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MRI versus CT for Detecting Acute Intracerebral Hemorrhage in Stroke Patients: The Hemorrhage and Early MRI Evaluation (HEME) Study 

MRI versus CT for Detecting Acute Intracerebral Hemorrhage in Stroke Patients: The Hemorrhage and Early MRI Evaluation (HEME) Study
Chapter:
MRI versus CT for Detecting Acute Intracerebral Hemorrhage in Stroke Patients: The Hemorrhage and Early MRI Evaluation (HEME) Study
Author(s):

Christoph I. Lee

DOI:
10.1093/med/9780190223700.003.0004
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date: 15 October 2019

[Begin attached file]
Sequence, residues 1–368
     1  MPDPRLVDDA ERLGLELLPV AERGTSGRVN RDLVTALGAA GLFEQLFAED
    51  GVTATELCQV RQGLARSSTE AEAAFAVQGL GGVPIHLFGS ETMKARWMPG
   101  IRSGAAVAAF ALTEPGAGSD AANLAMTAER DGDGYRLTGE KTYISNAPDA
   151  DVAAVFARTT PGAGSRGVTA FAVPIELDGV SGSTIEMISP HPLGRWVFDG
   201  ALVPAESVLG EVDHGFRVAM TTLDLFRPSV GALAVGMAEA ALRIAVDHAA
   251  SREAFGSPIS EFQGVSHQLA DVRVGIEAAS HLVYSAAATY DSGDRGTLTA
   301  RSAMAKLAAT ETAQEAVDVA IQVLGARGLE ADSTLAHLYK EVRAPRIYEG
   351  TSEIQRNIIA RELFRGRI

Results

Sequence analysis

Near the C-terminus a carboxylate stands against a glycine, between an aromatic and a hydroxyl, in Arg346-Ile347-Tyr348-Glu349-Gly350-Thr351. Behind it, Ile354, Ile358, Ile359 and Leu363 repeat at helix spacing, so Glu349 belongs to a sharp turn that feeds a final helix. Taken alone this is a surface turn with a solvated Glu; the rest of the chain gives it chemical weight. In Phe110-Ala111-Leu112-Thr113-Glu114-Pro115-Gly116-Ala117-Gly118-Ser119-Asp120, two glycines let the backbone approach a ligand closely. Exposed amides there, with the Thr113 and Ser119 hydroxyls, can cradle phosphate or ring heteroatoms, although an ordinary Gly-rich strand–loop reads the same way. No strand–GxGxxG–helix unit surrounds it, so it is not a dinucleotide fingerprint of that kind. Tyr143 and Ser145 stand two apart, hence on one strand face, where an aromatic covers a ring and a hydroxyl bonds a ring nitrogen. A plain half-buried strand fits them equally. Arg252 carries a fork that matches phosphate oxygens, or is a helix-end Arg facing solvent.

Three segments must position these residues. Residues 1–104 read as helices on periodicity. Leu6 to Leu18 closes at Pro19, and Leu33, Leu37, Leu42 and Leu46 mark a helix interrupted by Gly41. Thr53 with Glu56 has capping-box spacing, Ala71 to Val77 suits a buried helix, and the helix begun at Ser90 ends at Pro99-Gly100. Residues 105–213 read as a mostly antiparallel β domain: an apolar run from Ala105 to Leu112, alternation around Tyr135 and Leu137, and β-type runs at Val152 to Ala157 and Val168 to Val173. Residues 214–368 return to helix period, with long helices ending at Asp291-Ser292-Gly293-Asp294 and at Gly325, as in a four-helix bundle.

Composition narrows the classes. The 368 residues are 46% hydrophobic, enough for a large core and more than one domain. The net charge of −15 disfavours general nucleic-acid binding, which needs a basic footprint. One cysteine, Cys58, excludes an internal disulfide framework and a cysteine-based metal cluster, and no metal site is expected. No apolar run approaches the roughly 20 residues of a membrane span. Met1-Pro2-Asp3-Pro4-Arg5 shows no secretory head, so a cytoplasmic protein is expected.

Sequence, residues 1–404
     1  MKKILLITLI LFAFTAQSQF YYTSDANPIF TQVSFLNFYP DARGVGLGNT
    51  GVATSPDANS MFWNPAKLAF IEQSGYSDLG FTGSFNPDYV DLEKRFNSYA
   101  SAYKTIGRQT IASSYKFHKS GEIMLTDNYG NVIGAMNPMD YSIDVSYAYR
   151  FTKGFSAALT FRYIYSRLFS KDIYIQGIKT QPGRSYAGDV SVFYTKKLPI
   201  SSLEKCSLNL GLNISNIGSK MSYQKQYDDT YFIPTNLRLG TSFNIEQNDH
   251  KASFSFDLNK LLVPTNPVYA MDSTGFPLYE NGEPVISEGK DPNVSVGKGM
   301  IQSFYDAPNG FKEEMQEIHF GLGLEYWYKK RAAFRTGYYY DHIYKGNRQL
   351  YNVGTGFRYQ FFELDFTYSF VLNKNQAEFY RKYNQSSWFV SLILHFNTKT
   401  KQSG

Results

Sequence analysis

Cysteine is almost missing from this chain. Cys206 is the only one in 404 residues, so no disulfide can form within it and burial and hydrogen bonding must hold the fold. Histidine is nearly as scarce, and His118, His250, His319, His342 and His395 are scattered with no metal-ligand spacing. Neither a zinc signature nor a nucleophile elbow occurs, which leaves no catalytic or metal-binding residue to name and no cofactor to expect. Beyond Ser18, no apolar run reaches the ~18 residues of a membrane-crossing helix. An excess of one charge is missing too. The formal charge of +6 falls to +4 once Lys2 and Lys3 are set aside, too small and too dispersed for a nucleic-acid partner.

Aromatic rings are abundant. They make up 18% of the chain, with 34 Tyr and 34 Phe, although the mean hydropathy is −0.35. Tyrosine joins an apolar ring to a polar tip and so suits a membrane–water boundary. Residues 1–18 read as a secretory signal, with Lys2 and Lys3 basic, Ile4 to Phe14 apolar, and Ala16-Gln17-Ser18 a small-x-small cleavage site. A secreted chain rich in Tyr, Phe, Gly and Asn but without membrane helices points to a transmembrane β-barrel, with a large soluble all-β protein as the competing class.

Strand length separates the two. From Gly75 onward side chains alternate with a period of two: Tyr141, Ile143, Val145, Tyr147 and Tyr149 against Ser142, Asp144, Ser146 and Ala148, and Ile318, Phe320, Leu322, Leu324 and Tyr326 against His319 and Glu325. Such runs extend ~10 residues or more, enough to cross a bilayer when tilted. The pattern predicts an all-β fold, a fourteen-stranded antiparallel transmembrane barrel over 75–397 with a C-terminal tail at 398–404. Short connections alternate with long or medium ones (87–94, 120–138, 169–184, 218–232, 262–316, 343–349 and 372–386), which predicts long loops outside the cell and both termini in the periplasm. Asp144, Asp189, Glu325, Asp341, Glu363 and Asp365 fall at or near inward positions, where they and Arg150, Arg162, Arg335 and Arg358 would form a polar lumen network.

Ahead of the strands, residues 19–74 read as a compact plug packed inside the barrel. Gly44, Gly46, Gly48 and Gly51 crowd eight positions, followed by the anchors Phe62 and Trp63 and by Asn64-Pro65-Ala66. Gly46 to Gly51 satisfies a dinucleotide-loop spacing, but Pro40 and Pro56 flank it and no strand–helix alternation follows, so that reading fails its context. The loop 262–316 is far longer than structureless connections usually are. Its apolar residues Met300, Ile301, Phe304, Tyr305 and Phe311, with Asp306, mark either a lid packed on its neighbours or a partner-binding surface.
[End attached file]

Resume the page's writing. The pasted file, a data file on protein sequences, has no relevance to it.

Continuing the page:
This chapter, found in the headache section of the book, provides a succinct synopsis of a key study comparing the use of computed tomography (CT) and magnetic resonance imaging (MRI) scans for detecting acute intracerebral hemorrhage in stroke patients. This summary outlines the study methodology and design, major results, limitations and criticisms, related studies and additional information, and clinical implications. The researchers found that MRI is as accurate as CT for detecting acute hemorrhage in suspected stroke and is more accurate than CT for detecting chronic intracerebral hemorrhage. In addition to outlining the most salient features of the study, a clinical vignette and imaging example are included in order to provide relevant clinical context.

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